Miles Runs the Voodoo Down on New "Bootleg Series"
Fans of jazz giant Miles Davis were overjoyed in 2011 to hear that Columbia/Legacy had tapped the artist as the next subject of their Bootleg Series, offering rare live recordings of performances only available previously as, well... bootlegs, if at all. Though of course, these "official" releases come with incredible sound, detailed liner notes and essays, and a professional sheen.
Davis scholars are particularly excited about the second release, Miles Davis Quintet -- Live in Europe 1969, as the 3-CD/1-DVD document the famous "Lost Band" of '69-70: Davis (trumpet), Wayne Shorter (sax), Chick Corea (keyboards), Dave Holland (bass), and Jack DeJohnette (drums) --a lineup that never set foot in the studio
Rocks Off spoke via email with box set co-producer Richard Seidel about this "Lost Band," Miles' desire to reach rock audiences, and why we have European governments to thank for so much jazz documentation.
Rocks Off: Why were these three particular shows -- two in France and one in Sweden -- chosen for Vol. 2?
Richard Seidel: Because we believe they contain the strongest performances, covering the broadest range of material, performed by this unsung band. The set fills in a missing chapter of unique music in Miles' legacy of legendary bands that deserves to be far better-known.
And while there are similarities to bands and recordings, both prior and following, nothing in this set sounds quite like anything else in Miles' legacy.
RO: Why did this "Lost Band" never get the chance to record?
RS: No one knows for sure, but it was probably because the powers that be at Columbia felt that the kind of music this band was performing was insufficiently commercial. Miles's record sales by 1969 were at an absolute low point and it was not until the release of In a Silent Way later in that year, and Bitches Brew in the spring of '70, that they started moving upward again.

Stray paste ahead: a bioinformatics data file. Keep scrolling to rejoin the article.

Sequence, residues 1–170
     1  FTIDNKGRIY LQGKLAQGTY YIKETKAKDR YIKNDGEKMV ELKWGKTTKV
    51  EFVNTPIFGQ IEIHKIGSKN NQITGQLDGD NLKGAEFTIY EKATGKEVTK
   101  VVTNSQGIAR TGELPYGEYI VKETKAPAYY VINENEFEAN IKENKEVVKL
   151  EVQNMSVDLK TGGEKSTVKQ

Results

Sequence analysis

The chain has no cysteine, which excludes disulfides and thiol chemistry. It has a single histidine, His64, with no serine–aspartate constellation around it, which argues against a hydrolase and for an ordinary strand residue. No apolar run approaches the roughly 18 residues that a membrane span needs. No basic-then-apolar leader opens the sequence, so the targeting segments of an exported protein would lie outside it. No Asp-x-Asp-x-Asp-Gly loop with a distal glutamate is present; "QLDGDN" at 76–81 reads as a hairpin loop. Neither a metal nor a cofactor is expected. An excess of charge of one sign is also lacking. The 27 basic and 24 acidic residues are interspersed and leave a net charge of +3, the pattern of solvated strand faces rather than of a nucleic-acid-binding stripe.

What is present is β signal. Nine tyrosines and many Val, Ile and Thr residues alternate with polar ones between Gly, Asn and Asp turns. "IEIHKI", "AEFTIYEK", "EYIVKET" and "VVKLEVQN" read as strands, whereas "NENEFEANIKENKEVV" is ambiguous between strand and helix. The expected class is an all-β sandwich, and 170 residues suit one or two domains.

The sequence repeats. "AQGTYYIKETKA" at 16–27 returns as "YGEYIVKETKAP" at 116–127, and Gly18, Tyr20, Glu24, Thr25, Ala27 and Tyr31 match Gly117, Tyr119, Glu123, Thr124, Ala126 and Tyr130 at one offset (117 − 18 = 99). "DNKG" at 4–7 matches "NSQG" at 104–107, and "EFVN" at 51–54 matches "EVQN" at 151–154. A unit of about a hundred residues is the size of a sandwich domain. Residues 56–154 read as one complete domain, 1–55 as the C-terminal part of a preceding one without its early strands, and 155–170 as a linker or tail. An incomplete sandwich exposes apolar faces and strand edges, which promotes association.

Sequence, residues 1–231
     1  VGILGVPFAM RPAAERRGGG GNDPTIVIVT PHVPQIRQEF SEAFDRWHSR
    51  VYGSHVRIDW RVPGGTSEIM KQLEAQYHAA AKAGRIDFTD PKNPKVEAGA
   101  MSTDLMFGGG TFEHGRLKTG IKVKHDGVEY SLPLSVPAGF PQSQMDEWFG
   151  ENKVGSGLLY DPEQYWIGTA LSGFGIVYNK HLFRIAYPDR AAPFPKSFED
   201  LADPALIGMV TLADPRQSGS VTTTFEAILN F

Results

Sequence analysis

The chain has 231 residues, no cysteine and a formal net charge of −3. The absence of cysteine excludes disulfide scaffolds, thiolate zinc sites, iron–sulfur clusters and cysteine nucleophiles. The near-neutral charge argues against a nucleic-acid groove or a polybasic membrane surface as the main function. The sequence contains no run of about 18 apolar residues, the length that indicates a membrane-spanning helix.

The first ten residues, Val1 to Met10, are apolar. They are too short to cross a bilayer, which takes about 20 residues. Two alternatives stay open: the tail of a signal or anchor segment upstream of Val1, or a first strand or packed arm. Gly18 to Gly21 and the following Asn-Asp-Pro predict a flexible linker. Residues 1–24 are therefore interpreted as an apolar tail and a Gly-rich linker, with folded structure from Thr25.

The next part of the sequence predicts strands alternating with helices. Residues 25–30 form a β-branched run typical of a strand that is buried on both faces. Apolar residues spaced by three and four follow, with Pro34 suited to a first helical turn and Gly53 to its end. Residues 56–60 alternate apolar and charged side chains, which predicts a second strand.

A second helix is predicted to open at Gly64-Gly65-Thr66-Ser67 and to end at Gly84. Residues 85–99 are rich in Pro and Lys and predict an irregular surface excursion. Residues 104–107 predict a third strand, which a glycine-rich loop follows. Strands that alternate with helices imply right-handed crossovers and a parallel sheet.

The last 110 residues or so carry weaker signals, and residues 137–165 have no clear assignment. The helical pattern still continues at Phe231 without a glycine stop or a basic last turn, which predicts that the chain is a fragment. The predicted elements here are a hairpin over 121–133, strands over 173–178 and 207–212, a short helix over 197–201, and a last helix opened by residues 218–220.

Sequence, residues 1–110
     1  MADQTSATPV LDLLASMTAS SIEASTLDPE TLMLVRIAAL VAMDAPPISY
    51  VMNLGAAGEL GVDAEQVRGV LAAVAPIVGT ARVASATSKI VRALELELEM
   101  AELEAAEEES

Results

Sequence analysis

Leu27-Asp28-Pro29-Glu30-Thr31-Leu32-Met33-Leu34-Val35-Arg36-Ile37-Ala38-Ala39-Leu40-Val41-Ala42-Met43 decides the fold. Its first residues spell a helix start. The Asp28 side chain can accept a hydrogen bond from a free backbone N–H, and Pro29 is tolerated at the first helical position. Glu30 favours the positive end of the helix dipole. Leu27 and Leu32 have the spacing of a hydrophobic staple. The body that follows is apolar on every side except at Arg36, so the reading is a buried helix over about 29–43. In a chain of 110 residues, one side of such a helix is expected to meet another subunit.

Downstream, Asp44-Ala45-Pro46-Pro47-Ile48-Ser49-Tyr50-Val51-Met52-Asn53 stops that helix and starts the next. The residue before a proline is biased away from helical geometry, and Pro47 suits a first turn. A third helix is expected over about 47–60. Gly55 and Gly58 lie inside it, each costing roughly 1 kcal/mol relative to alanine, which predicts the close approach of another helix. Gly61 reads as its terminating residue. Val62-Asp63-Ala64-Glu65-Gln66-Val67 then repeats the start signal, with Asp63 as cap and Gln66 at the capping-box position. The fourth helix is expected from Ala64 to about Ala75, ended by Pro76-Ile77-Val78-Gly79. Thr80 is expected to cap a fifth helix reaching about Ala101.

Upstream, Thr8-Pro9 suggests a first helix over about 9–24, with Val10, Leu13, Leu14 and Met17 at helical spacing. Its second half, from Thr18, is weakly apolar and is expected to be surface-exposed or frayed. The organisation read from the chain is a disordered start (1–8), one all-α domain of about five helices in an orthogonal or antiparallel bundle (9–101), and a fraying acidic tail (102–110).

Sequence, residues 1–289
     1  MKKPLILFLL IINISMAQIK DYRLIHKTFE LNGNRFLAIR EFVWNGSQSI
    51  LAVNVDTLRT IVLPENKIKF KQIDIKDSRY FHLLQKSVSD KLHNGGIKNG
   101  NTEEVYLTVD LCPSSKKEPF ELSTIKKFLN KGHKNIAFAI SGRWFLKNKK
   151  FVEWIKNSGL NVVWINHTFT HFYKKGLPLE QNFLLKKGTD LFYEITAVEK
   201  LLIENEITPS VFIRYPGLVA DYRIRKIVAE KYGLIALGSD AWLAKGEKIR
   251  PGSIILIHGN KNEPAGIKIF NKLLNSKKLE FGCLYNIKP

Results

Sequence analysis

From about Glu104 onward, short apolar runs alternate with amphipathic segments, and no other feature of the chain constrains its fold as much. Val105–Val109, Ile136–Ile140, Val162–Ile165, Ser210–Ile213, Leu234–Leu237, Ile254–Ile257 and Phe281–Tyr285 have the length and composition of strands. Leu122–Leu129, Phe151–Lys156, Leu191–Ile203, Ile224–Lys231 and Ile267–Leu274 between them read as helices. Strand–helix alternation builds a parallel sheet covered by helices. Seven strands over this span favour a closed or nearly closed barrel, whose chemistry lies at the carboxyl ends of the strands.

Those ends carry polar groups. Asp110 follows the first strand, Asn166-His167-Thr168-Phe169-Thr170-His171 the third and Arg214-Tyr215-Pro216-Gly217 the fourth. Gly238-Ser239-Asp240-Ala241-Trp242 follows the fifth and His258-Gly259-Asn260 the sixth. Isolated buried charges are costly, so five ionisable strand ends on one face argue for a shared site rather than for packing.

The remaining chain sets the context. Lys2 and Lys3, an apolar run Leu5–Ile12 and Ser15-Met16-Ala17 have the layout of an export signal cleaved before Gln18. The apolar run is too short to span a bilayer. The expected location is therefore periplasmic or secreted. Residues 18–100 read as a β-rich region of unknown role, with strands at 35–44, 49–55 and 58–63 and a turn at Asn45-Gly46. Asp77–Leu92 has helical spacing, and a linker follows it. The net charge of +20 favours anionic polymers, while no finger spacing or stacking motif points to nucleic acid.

Unlike these shows at European concert halls, in the U.S. Miles was mainly performing in small clubs in front of one or two hundred people, having lost much of the audience he had developed in the 1950s and earlier in the 1960s. Maybe this music was just too adventurous for a broader audience than hardcore jazz fans.
RO: This lineup is definitely influenced and goes more toward a rock direction. It's been documented how Miles wanted to reach more of a non-jazz audience during this time, and he would with Bitches Brew. How much did that desire shape this lineup?
RS: This set represents a band and a music in transition. Miles knew where he wanted to go -- "Miles Runs The Voodoo Down," "Bitches Brew," etc. -- but he had not yet fully left behind the style and the repertoire that preceded this next step.
RO: The color concert video from Berlin is incredible. How ironic is it that we have all this great jazz video -- and not just from Miles -- from European state-owned sources and there's so little American documentation?
RS: Clearly, jazz was taken more seriously by European audiences and governments in the 1960s than it was in the U.S., or these things would not have been documented in the way that they were. And probably not with the same level of extraordinary technical and artistic excellence you see in the video.